• June 13, 2024

Canada To Apologize To Muslim Terrorist and Pay Him $8 Million Dollars

 Canada To Apologize To Muslim Terrorist and Pay Him $8 Million Dollars

A terrorist with Al Qaeda was caught on the battlefield in Afghanistan.  Not in rural Canada but on the battlefield.  His father was a high official with Al Qaeda and he taught his son how to make land mines.  They even lived with Osama bin Laden for a while.  He confessed to killing a medic after his capture, but now Canada is going to apologize to him and pay him $8 million dollars for his pain and suffering.

Omar Khadr tried to pull this on the Harper conservative government but he was ignored.  Now that ultra leftist Trudeau is in charge it’s a whole new ball game.  The basis of the lawsuit is that the Canadian government had no right to inform US intelligence services about Khadr.  This means that since Canada is portraying him as a victim there is little to no chance that Canada will ever reveal another terrorist as long as Trudeau rules Canada.

Omar Khadr, at age 15, in the summer of 2002, learning to build land mines in Afghanistan, in a photo used as an exhibit by a war court prosecutor at the U.S. Navy base at Guantánamo Bay, Cuba. The prosecution asked a jury to sentence Khadr, now 24, to 25 years. The jury instead gave him 40 but a plea agreement limited his sentence to eight years.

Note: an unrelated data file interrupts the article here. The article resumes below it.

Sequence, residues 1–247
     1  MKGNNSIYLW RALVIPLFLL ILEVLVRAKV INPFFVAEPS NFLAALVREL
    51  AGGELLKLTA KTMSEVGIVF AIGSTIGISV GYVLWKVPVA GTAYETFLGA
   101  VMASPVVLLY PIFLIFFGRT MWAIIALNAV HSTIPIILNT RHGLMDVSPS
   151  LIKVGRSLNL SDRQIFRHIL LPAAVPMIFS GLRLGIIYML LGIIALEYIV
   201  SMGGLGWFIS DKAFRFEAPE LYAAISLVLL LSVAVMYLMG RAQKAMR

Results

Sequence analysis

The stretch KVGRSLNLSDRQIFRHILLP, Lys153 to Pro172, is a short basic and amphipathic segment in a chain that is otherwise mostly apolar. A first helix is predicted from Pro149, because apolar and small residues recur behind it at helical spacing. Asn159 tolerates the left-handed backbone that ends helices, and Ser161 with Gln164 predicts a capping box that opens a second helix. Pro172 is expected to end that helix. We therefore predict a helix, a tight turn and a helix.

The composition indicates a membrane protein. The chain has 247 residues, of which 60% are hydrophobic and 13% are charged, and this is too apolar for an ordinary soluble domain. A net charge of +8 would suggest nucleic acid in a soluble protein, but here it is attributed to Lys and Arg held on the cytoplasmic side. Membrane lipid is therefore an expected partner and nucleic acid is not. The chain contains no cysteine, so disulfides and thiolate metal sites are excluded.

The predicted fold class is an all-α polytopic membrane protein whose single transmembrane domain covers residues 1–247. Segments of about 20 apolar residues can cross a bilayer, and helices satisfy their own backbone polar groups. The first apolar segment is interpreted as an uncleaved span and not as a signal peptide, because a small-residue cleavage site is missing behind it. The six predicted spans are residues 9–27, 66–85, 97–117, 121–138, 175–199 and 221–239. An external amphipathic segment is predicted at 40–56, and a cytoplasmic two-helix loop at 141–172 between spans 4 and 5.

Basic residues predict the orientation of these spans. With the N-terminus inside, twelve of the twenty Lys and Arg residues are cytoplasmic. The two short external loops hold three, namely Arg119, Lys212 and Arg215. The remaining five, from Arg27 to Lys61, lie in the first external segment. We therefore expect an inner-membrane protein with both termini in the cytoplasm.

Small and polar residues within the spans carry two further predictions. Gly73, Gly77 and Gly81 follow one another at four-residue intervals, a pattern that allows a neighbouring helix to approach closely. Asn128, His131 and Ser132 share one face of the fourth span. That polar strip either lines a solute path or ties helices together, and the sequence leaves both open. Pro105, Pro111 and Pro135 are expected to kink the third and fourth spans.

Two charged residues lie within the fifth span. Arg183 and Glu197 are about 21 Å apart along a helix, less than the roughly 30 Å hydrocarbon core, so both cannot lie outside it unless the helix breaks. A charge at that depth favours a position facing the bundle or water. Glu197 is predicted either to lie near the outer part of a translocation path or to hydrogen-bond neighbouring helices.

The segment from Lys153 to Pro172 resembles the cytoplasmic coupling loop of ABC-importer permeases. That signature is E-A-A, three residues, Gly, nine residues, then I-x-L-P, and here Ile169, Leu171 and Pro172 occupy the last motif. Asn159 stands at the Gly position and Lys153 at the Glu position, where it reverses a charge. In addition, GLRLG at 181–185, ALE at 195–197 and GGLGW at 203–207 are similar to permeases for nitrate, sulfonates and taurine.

The guiltless Canadian making land mines, taught to him by his father.


 A Canadian citizen, Khadr, now 30, was captured in Afghanistan in 2002 at age 15 after a firefight with U.S. soldiers. He pleaded guilty to killing a US army medic and became the youngest inmate held at the US military prison in Cuba.

Khadr later recanted and his lawyers said he had been grossly mistreated. The Canadian Supreme Court ruled in 2010 that Canada breached his rights by sending intelligence agents to interrogate him and by sharing the results with the United States.

Khadr spent a decade in Guantanamo before being returned to Canada in 2012 to serve the rest of his sentence. He was released on bail in 2015 and lives in Edmonton, Alberta.

The Canadian government and Khadr’s lawyers reached the compensation deal, said the sources, who asked to remain anonymous given the sensitivity. Canada has reached a series of expensive settlements with citizens imprisoned abroad who alleged Ottawa was complicit in their mistreatment.

Khadr had sued Ottawa for around $15m (Canadian $20) on grounds of violating his human rights. News of the settlement was first reported by the Globe and Mail newspaper.

Khadr was taken to Afghanistan by his father, a senior al Qaeda member, who apprenticed the boy to a group of bomb makers who opened fire when U.S. troops went to their compound. The father was killed in a battle with Pakistani forces in 2003.

H/T The Mail Online  

Miami Herald


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